On Monday, prisoners in special security units at Pelican Bay State Prison will begin a hunger strike. These inmates, who have spent between 10 and 28 years in isolation, are demanding that changes be made to the prison's special housing units, where they spend almost all their time alone. They claim that long-term isolation amounts to cruel and unusual punishment, and that prisoners are sometimes locked in these units for insubstantial reasons. We discuss these issues with a former inmate, the Department of Corrections, an investigative reporter, and a lawyer representing the prisoners in a class action federal lawsuit. The Center for Investigative Reporting and The California Report will feature in-depth series on this topic this week.
A Close Look at Long-Term Isolation in State Prison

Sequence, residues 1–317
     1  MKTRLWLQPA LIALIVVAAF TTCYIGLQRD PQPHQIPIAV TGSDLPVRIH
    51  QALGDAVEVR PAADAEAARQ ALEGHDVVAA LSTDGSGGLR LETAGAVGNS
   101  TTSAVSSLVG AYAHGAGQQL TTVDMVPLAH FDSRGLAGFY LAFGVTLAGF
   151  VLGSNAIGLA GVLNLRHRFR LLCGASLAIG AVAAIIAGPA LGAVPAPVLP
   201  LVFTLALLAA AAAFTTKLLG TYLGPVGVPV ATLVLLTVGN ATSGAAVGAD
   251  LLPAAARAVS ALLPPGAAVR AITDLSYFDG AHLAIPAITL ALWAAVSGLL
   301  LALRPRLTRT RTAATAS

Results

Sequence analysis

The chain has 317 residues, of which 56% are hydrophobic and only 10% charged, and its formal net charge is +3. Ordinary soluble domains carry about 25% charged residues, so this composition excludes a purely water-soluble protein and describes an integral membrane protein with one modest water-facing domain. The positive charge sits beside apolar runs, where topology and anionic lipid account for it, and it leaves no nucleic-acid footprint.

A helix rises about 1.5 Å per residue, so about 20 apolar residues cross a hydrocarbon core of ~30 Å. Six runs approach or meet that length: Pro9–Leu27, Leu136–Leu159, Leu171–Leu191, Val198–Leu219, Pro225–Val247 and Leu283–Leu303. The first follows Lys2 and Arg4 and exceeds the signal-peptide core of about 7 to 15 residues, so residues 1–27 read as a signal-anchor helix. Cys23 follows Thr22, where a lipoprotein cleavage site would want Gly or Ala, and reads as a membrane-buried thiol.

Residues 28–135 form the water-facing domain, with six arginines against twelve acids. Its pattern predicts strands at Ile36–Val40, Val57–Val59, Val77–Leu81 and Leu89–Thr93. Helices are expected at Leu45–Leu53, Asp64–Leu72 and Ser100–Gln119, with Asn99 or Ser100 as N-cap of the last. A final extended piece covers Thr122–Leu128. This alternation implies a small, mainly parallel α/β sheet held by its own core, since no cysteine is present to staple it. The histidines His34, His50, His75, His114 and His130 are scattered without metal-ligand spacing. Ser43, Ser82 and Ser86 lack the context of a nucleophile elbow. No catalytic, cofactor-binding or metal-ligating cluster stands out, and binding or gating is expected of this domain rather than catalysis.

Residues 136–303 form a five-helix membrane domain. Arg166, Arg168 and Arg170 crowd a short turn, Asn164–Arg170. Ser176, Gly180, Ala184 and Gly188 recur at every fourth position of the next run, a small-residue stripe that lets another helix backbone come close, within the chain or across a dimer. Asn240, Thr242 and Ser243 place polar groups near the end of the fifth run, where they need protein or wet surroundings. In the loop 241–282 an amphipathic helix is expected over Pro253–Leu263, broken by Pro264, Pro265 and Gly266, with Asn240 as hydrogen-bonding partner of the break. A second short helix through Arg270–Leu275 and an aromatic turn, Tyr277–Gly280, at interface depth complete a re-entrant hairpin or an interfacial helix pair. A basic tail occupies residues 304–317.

Michael Montgomery, reporter for KQED News and The Center for Investigative Reporting
Lonnie Rose, former Pelican Bay inmate who was held in a security housing unit for 9 1/2 years
Terry Thornton, deputy press secretary for the California Department of Corrections and Rehabilitation
Rachel Meeropol, senior staff attorney for the Center for Constitutional Rights, and part of the team of lawyers bringing the lawsuit on behalf of Pelican Bay prisoners in the solitary confinement units
Daniel Vasquez, former warden at San Quentin Prison